Saturday, August 3, 2019

Body-Image Brokenness

Brianna McClean wrote an article for The Gospel Coalition (Australia Edition) entitled, "Eve's Nakedness and Your Broken Body." It's really well written, addressing a pervasive problem with grace and wisdom. She writes to the daughters of the King, but knows that the sons need to read it too. I'd encourage you to read the whole thing. A couple quotes should prove that it's worth your time.
Eve was the last woman to experience unbroken body-image. She was the last woman to see her body outside of the shadow of sin. In Genesis chapter two, Eve listens to the serpent and not to God, sin enters the world. Note, the first consequence of sin is broken body-image. Adam and Eve realise they are naked and feel ashamed. They cover themselves. Imagine Eve squirming in her fig-leaf, sucking in her stomach and pinching her upper arms. She is dissatisfied. ‘Am I ugly?’, she wonders for the first time. Sin affected Eve’s physical body, made it mortal. The moment she turned her back on God the life-giver, pain, disease and death embedded themselves in her DNA. 
As God made Eve’s animal-skin covering, he was really sewing a prototype. He had plans for a much better covering, one which would destroy the power of sin and shame. The clothes of Christ’s righteousness. The Bible has good news for those weighed down by body-hatred. Jesus Christ died for your body, and he will resurrect it. Christ didn’t just die for your soul, he died to redeem your physical body. The New Creation will be a physical place, where God’s people will live in their redeemed physical bodies.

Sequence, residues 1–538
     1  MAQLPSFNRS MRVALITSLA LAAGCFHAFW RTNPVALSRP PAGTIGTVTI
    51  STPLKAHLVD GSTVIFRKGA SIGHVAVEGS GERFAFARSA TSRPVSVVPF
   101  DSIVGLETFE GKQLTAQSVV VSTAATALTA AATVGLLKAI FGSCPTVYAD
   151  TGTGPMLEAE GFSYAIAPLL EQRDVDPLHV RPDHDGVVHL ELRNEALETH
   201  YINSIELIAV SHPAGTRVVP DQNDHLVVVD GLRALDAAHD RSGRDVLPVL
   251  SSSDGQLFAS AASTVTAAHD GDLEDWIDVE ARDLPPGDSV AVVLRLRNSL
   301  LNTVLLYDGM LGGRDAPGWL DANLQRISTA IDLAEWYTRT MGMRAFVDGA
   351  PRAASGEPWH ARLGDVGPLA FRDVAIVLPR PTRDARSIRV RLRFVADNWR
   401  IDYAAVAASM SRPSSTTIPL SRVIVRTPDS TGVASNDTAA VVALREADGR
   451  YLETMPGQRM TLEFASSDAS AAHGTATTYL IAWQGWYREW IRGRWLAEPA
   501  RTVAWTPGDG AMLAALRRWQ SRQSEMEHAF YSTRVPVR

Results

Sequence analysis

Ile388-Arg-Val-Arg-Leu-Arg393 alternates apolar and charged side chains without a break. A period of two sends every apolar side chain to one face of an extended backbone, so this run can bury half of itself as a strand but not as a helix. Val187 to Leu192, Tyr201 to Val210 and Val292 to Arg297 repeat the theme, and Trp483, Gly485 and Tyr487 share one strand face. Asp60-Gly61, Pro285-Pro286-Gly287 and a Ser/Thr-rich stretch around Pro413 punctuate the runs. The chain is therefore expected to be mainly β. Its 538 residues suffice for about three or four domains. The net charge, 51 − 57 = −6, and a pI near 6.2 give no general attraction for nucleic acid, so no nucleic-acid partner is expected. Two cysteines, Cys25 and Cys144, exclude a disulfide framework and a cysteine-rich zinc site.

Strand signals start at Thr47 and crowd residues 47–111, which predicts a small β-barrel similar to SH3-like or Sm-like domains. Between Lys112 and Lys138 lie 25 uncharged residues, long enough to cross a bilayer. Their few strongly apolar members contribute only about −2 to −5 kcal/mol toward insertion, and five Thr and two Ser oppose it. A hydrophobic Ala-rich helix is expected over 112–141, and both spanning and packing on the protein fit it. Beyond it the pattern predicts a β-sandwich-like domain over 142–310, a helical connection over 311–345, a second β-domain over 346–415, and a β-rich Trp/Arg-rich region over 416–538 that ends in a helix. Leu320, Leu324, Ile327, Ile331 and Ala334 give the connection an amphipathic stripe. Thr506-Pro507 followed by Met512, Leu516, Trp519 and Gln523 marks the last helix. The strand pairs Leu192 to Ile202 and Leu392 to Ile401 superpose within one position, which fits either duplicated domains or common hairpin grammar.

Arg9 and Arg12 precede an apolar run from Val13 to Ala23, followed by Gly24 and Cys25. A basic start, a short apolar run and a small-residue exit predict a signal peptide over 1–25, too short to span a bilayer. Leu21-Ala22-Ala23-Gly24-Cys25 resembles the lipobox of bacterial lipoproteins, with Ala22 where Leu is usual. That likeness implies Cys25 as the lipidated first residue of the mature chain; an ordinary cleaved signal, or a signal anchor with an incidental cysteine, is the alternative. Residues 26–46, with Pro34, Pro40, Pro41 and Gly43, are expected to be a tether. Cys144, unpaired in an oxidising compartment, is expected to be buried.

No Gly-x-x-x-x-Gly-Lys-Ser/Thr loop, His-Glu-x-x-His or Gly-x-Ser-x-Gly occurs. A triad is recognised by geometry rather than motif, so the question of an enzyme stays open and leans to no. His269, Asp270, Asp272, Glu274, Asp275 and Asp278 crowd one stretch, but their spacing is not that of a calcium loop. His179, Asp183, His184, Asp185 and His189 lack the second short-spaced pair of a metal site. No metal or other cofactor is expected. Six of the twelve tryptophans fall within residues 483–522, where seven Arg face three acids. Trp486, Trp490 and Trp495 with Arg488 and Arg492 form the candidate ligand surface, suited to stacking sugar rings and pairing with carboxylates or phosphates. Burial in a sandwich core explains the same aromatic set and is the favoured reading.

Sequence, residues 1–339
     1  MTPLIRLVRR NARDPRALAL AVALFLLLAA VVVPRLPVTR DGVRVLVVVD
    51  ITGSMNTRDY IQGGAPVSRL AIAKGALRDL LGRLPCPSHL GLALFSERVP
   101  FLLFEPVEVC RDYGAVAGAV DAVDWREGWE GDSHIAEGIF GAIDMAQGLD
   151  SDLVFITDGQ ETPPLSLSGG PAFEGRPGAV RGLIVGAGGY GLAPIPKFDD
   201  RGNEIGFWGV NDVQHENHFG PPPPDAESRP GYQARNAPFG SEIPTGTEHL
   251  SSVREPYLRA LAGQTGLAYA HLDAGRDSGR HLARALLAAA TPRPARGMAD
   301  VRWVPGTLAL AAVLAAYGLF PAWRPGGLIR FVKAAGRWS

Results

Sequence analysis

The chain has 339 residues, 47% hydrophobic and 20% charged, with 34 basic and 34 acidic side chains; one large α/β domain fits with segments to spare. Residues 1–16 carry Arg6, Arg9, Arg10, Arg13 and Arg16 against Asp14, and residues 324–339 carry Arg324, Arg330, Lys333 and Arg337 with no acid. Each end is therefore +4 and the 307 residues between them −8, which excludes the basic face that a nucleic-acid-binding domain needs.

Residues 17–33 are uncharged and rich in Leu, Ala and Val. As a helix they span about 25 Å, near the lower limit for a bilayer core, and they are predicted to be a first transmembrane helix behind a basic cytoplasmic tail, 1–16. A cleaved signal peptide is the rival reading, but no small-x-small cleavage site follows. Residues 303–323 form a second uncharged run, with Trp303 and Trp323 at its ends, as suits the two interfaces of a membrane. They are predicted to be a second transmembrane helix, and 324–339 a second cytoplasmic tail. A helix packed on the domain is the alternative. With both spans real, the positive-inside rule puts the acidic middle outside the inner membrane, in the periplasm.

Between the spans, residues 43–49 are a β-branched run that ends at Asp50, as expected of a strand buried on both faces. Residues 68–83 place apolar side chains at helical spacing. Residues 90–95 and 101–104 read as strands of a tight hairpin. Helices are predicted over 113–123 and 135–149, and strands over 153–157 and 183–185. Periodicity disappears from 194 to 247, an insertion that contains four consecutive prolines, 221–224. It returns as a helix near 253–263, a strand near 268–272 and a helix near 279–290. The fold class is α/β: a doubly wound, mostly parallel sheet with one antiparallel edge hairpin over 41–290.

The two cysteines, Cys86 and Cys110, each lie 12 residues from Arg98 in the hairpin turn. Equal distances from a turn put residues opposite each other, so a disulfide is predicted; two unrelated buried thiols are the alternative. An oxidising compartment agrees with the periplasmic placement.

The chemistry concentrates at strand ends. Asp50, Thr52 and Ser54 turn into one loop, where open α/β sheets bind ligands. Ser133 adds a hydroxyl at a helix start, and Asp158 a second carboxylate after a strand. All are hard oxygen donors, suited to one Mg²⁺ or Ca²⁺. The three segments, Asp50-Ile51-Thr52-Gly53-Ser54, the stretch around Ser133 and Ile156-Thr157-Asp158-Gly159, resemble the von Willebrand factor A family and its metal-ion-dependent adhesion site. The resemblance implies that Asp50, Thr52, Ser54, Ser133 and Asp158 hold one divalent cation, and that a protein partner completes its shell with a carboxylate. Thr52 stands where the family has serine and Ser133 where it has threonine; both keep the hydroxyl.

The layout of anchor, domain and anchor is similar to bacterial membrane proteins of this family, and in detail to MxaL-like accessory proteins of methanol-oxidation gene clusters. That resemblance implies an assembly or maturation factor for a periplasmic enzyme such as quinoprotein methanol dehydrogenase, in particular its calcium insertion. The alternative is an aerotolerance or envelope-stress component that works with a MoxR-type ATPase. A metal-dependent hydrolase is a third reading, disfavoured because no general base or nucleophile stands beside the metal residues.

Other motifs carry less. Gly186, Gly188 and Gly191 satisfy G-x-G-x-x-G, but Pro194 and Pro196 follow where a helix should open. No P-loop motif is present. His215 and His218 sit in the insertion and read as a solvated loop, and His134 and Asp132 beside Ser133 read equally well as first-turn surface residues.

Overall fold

Friday, August 2, 2019

Beauty is Vain... Or Unfading

Proverbs 31:30 (ESV)
Charm is deceitful, and beauty is vain, but a woman who fears the Lord is to be praised.
Beauty is vain? What does that mean?

First, what it doesn't mean. It doesn't mean that beauty is meaningless. We live in a world made by a beautiful God who fills his world with beauty. He is the designer and source of all beauty. It is his glory on display. Beauty matters.

So what does it mean? It means that physical beauty is fleeting. God loves us enough to tell us not to build our identity on something so transient, so fragile. If you do, you'll be building your life on sand. Sand that easily shifts. Sand that pours through your grasping fingers. Hourglass sand that quickly runs out. If you build your identity on how you look, who you are will be tragically fragile.

This was illustrated with sad clarity recently in a World Magazine article by Sophia Lee entitled, "Selfies with a Supermodel."

Through her friend who runs a ministry to the homeless in LA, the author met Ivy Nicholson, a once world-famous model. Nicholson is now elderly and homeless. Pictures of her then and now provide visual aid to the wisdom of Proverbs 31:30. And Lee's article provides sad testimony of the effects of "chasing after the wind" of physical beauty.
Ivy was regaling Regina with tales of her past…how she traveled all around the world doing high-fashion shoots. And for the rest of the afternoon, all she talked about was the past. One of the first things she said to me was, “Do you know who I am? Look me up!” 
The once-gorgeous young woman was now an 84-year-old homeless woman, but she still acted as if in the heyday of her 20s, giggling and fixing her hair in her compact mirror. She barely talked about her kids and grandchildren, but bragged how easy it was for her to gain VIP seats at fancy-schmancy bars and hard-to-reserve restaurants.
She concludes with this: 
I felt rather sad for the poor woman: She seemed to me to be basing so much of her self-worth and value on her physical appearance and past experiences. I also felt convicted, because as embarrassed as I am to admit it, I also base too much of my own worth and self-confidence in how I look and what I’ve accomplished. … Is this really what I want to boast about 50 years from today?

1 Peter 3:3-4 (NIV, emphasis added)
Your beauty should not come from outward adornment, such as elaborate hairstyles and the wearing of gold jewelry or fine clothes. Rather, it should be that of your inner self, the unfading beauty of a gentle and quiet spirit, which is of great worth in God's sight.